What is Radiation Nephritis

Radiation nephritis (Rad Np) is kidney injury and impairment of function caused by ionizing radiation. It may occur after irradiation of one or both kidneys, and it may result in kidney failure.

Statistics on Radiation Nephritis

This condition has almost disappeared from clinical presentation with better understanding of its aetiology by radiologists.

Risk Factors for Radiation Nephritis

Exposure to a radioactive source strong enough for a long period of time may result in the development of radiation nephritis. Without exposure to radiation, the condition cannot occur.

Progression of Radiation Nephritis

Acute radiation nephritis is an acute process that occurs 6-12 months after the initial radiation insult. As mentioned above, the renal vessels are thought to be primarily responsible for the pathological changes of the kidney. As the blood vessels are damaged, the kidney tissues recieve less blood, and less oxygen to perform normal processes. As a result, they may die or atrophy (shrink) to compensate. This leads to reduced renal function, allowing 50% of patients who suffer acute radiation nephritis to progress into chronic renal failure. This process may occur slowly over many years.

How is Radiation Nephritis Diagnosed?

Several blood tests and urine samples will be collected to assess the patient’s renal function and other effects that this condition has upon the body. The results of these tests will allow doctors to tailor treatment and provide the patient with a prognosis for their condition. An ultrasound may be required to exclude a urinary tract obstruction.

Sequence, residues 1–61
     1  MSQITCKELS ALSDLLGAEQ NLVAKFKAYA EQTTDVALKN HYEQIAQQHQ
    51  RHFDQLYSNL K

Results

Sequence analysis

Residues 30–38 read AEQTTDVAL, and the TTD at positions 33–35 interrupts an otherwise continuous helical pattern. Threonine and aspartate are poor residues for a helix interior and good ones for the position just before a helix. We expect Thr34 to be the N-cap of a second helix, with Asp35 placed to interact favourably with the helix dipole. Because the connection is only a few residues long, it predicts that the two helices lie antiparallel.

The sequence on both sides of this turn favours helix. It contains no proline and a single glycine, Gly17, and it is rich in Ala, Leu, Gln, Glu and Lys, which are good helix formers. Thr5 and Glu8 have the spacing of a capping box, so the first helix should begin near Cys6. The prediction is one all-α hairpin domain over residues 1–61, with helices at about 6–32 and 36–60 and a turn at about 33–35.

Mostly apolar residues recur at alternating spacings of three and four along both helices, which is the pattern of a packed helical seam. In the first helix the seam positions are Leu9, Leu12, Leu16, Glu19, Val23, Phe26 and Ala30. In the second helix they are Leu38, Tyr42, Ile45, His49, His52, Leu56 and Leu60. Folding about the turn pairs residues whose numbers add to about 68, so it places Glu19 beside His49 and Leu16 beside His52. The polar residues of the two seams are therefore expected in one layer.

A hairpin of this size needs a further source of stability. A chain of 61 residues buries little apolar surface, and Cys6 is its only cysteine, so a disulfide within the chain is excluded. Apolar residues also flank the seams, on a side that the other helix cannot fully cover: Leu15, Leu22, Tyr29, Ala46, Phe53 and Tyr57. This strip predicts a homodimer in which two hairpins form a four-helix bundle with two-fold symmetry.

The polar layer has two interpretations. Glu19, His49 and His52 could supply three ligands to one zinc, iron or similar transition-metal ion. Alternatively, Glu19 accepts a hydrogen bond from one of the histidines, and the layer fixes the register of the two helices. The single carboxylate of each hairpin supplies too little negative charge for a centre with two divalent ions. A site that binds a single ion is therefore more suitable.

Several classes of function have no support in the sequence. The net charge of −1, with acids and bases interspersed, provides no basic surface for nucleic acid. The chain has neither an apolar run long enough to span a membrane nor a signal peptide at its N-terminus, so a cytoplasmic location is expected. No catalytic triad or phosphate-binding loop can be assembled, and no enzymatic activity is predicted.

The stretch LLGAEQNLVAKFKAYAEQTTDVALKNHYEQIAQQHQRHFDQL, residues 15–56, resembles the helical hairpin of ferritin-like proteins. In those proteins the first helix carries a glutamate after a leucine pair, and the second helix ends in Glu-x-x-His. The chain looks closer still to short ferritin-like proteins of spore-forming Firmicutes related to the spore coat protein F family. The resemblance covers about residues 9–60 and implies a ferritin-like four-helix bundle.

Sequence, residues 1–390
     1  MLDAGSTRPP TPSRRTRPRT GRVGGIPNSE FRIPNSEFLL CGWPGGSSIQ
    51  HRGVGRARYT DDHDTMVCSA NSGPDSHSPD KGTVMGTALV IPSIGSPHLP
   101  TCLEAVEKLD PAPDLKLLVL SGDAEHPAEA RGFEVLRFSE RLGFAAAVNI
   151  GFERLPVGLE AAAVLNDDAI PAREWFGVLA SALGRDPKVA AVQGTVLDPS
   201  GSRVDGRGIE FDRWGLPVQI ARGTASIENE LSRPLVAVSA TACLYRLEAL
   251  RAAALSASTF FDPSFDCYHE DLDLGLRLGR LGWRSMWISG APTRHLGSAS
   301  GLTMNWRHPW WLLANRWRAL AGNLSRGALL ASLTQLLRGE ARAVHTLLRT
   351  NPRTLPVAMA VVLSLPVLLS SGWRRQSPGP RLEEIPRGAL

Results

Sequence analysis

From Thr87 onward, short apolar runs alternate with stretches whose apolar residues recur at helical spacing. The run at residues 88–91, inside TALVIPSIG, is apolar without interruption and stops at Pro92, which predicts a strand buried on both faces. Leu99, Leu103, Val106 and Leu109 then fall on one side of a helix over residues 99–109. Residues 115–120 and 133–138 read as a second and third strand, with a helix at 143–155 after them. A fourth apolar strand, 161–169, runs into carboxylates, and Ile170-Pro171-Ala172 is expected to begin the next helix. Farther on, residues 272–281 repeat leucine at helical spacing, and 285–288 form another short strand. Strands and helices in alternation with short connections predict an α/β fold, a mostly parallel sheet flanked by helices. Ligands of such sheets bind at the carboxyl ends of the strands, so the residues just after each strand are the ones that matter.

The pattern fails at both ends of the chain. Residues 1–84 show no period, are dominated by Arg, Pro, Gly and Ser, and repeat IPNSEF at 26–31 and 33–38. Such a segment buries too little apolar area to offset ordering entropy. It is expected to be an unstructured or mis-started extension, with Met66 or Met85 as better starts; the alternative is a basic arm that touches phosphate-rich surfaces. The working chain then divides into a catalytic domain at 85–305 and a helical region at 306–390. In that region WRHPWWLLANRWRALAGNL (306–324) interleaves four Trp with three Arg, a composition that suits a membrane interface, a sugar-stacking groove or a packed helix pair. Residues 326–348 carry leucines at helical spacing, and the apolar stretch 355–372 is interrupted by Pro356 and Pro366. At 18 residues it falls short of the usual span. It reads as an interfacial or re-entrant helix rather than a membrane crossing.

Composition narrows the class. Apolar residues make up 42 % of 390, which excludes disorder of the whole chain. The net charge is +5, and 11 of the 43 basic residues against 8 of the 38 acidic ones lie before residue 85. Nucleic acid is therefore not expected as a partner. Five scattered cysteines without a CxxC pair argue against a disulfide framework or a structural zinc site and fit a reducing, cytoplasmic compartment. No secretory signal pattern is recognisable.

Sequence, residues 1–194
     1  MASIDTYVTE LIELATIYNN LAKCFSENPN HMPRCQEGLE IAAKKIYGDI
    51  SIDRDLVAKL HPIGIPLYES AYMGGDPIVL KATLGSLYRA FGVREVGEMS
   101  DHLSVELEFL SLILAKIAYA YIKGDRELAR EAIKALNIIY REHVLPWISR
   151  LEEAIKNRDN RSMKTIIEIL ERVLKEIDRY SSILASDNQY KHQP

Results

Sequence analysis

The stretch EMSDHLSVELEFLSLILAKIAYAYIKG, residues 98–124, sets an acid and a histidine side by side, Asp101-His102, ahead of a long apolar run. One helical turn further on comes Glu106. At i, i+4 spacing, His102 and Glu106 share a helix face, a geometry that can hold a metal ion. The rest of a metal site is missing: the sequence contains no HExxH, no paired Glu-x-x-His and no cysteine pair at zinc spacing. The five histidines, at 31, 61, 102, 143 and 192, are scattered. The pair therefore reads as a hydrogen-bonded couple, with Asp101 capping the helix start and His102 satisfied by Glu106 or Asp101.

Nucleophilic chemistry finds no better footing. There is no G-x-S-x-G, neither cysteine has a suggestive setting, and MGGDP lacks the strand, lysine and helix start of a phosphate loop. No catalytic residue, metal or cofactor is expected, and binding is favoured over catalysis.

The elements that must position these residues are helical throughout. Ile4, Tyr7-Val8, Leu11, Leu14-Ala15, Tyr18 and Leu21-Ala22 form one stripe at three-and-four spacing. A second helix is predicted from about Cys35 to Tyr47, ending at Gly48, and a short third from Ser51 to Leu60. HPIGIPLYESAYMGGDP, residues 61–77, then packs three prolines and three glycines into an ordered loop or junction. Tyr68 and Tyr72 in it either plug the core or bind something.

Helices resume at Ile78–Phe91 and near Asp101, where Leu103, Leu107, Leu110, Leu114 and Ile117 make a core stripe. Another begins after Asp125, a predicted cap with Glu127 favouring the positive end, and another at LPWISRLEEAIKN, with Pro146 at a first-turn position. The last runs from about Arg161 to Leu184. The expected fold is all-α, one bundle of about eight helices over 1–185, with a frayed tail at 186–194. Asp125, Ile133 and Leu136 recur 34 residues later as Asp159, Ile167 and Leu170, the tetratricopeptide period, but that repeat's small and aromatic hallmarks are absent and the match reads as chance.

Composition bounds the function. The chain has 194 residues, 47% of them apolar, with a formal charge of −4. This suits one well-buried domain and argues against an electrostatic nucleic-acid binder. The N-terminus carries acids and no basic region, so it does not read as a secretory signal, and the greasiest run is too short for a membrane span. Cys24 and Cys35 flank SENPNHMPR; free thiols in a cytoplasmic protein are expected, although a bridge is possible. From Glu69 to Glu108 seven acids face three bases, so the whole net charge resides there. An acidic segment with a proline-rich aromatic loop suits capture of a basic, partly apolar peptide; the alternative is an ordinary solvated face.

Prognosis of Radiation Nephritis

Chronic renal failure will occur in 50% of patients suffering from acute radiation nephritis. Malignant hypertension may also be a continuing problem following radiation nephritis.

How is Radiation Nephritis Treated?

Management of this condition is not unlike the management of other forms of nephritis. The primary aim to minimise the deterioration of renal function. Management of high blood pressure and dietary salt restriction will slow the development of renal failure. The use of corticosteroid therapy will also benefit patients suffering radiation nephritis.

Radiation Nephritis References

[1] Braunwald, Fauci, Kasper, Hauser, Longo, Jameson. Harrison’s Principles of Internal Medicine. 15th Edition. McGraw-Hill. 2001.
[2] Kumar P, Clark M. CLINICAL MEDICINE. WB Saunders 2002 Pg 545-549.
[3] Moulder JE, Fish BL, Cohen EP. Radiation nephropathy is treatable with an angiotensin converting enzyme inhibitor or an angiotensin II type-1 (AT1) receptor antagonist. Radiother Oncol. 1998 Mar;46(3):307-15.

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